My desire to know Windows PowerShell from beginning to end isn’t just for me. It’s also for those around me — online, and in real life. I want to be a go-to-guy for all things PowerShell. I’ve found something I really love about the industry right now, and so I want know it well, and share it often. I truly believe that learning the fundamentals of PowerShell make one much more prepared to use the language interactively, as well as inside scripts and functions. I’ve said it before: It’s easy to spot someone that doesn’t know the fundamentals of PowerShell, and is only out to learn as much as is required to complete their current task.
A couple weeks ago a coworker asked me why their conditional wasn’t working (think, the part inside the parentheses in an If statement, for example). While I never saw the code, as the conversation happen over cube walls and by instant message, I suspected they were trying to compare a numeric value with something that wasn’t numeric. It turned out I was right. I determined this, the moment they said they had quotes around their numeric value.
It’s simple. The moment we put numeric values inside quotes — single or otherwise — we are no longer working numbers — we’re working with strings. Take a look at the example below. In the first command, we use addition to add the numeric values 5 and 10, which results in the (numeric) value of 15. In the second command, we concatenate (think, combine or join) — using the same operator (+). When we concatenate the string value of 5 with the string value of 10, we create the (string) value of 510.
PS> 5 + 10 15 PS> '5' + '10' 510
The information I sent to my colleague by IM is listed below. I thought it would best explain the difference between a “numeric value” inside quotes, and one not inside quotes. In this example, 123 is an integer (System.Int32) without quotes around it, and a string (System.String) with quotes around it. A quick note about Select-Object’s -Unique switch parameter: This parameter returns duplicated results once, and only once. Had this not been included, it would have returned the same result for each member of the object (each method, property, etc.).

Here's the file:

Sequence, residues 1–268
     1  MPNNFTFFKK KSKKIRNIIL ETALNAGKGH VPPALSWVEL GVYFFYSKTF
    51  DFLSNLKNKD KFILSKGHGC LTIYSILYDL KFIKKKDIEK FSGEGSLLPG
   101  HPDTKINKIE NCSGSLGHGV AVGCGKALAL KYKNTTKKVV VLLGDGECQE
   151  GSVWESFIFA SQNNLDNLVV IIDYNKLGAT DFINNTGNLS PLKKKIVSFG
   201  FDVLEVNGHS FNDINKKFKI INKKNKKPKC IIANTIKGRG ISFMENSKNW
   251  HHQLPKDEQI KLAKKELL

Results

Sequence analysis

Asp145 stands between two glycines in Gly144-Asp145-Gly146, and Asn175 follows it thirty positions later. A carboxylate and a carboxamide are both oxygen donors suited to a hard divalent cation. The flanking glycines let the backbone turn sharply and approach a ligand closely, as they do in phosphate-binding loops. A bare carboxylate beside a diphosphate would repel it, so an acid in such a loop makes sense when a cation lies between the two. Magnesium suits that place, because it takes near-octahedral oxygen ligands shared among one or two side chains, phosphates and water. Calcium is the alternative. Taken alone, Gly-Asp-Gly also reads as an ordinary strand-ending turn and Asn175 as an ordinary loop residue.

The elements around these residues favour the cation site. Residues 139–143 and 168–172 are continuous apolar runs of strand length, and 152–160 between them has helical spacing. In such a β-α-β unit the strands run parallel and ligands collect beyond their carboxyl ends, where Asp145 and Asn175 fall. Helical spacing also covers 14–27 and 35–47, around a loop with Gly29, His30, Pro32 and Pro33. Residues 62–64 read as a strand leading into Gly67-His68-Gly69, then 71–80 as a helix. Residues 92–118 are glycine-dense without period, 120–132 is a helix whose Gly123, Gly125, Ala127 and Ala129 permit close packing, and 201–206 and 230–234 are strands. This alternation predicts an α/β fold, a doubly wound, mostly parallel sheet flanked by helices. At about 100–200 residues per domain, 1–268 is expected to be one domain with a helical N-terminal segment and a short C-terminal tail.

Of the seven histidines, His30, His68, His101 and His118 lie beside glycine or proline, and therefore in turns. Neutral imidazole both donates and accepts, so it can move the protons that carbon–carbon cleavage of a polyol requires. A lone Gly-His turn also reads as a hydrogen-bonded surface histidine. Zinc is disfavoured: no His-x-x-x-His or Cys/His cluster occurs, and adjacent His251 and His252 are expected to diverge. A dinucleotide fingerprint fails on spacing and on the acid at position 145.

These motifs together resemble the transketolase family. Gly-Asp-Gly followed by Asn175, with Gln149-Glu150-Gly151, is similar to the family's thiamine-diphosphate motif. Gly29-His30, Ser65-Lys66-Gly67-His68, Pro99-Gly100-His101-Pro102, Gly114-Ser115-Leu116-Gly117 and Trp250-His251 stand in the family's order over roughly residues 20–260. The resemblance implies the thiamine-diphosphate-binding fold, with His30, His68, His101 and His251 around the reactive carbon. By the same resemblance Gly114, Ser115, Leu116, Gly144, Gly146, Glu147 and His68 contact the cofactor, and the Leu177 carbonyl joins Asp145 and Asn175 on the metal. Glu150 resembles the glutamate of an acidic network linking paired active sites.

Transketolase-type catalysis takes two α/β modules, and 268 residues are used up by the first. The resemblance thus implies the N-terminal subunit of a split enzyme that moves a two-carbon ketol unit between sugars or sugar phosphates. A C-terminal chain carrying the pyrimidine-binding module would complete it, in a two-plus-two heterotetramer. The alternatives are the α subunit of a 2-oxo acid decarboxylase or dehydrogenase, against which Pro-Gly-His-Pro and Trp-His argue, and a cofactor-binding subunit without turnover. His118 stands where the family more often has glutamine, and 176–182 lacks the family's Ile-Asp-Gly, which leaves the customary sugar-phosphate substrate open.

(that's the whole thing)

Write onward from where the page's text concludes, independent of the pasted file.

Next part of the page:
PS> 123 | Get-Member | Select-Object TypeName -Unique TypeName -------- System.Int32 PS> '123' | Get-Member | Select-Object TypeName -Unique TypeName -------- System.String
In our first example in this post, we saw what happens when the add two numeric values and what happens when we concatenate two strings. If you think like me, you’re probably wondering what happens when we concatenate a string value to a numeric value, and add a numeric value to a string character. It depends. Take a look at the slightly, modified example below, and then we’ll discuss it.
PS> 5 + '10' 15 PS> '5' + 10 510
Did you figure it out what’s happened in those examples? In the first command, 5 + ’10’, the numeric on the left of the equation, has forced the string on the right side, to switch from a string to a numeric data type. With two numeric values, it then added the two values and returned 15.
The second command, or equation, works much like the first one, except in reverse. The string character 5 on the left, forces the numeric value on the right into being a string and then concatenates the two, which results in 510 again. Whatever is on the left is going to try and change the type of whatever is on the right — when it can. So, when can’t it?
PS> 5 + '1a2b3c' Cannot convert value "1a2b3c" to type "System.Int32". Error: "Input string was not in a correct format." ... PS> '1a2b3c' + 10 1a2b3c10
The first command in the example above fails because it cannot convert the string, ‘1a2b3c,’ into a numeric value because it includes non-numeric characters — makes sense to me. Notice that this error helps prove what I said earlier: The data type of value on the left is being used to try and change the data type of the value on the right. The second equation works, because again, we’re simply joining, or concatenating, two values.
PS> 'Have a great ' + 2016 + '!' Have a great 2016!
In closing, I’d like to add a word about the concatenation operation just above. While the plus sign, or rather, the concatenation operator does what it does well, it’s not used nearly as much as it was in the past for building strings — at least, I don’t see it much anymore. In fact, when I do see it, I almost always assume that what I’m looking at was written long ago and then borrowed. What you’re more likely to see these days, is in the example below.
PS> $Year = 2016 # It's a numeric value (no quotes). PS> # Use double-quotes (below) to display the variable's value inside the string. PS> "Have a great $Year!" # No concatenation operators needed! Have a great 2016!
Thanks for the reading my first post of 2016!